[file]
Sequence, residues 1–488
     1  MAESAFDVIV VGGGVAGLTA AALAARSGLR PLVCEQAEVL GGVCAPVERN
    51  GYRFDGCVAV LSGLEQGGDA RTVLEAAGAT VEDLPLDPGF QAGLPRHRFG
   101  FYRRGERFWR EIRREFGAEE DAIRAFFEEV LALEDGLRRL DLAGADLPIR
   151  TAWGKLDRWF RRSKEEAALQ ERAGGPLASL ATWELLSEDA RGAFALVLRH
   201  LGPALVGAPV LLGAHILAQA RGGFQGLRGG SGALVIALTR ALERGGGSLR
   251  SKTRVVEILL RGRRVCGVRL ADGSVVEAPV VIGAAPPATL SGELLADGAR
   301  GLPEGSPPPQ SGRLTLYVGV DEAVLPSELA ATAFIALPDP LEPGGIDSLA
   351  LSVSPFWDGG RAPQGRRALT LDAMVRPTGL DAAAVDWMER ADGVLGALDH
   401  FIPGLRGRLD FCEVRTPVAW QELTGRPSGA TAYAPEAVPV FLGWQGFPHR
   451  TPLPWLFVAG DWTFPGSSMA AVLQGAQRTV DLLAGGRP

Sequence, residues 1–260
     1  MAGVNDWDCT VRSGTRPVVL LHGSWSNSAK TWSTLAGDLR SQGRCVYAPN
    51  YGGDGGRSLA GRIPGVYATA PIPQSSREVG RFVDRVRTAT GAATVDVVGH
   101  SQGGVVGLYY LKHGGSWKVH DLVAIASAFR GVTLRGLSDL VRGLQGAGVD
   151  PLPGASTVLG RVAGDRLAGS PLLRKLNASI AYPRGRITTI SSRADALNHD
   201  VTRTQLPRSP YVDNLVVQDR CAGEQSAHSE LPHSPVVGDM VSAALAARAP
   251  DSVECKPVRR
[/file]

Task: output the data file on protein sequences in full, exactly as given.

Sequence, residues 1–488
     1  MAESAFDVIV VGGGVAGLTA AALAARSGLR PLVCEQAEVL GGVCAPVERN
    51  GYRFDGCVAV LSGLEQGGDA RTVLEAAGAT VEDLPLDPGF QAGLPRHRFG
   101  FYRRGERFWR EIRREFGAEE DAIRAFFEEV LALEDGLRRL DLAGADLPIR
   151  TAWGKLDRWF RRSKEEAALQ ERAGGPLASL ATWELLSEDA RGAFALVLRH
   201  LGPALVGAPV LLGAHILAQA RGGFQGLRGG SGALVIALTR ALERGGGSLR
   251  SKTRVVEILL RGRRVCGVRL ADGSVVEAPV VIGAAPPATL SGELLADGAR
   301  GLPEGSPPPQ SGRLTLYVGV DEAVLPSELA ATAFIALPDP LEPGGIDSLA
   351  LSVSPFWDGG RAPQGRRALT LDAMVRPTGL DAAAVDWMER ADGVLGALDH
   401  FIPGLRGRLD FCEVRTPVAW QELTGRPSGA TAYAPEAVPV FLGWQGFPHR
   451  TPLPWLFVAG DWTFPGSSMA AVLQGAQRTV DLLAGGRP

Sequence, residues 1–260
     1  MAGVNDWDCT VRSGTRPVVL LHGSWSNSAK TWSTLAGDLR SQGRCVYAPN
    51  YGGDGGRSLA GRIPGVYATA PIPQSSREVG RFVDRVRTAT GAATVDVVGH
   101  SQGGVVGLYY LKHGGSWKVH DLVAIASAFR GVTLRGLSDL VRGLQGAGVD
   151  PLPGASTVLG RVAGDRLAGS PLLRKLNASI AYPRGRITTI SSRADALNHD
   201  VTRTQLPRSP YVDNLVVQDR CAGEQSAHSE LPHSPVVGDM VSAALAARAP
   251  DSVECKPVRR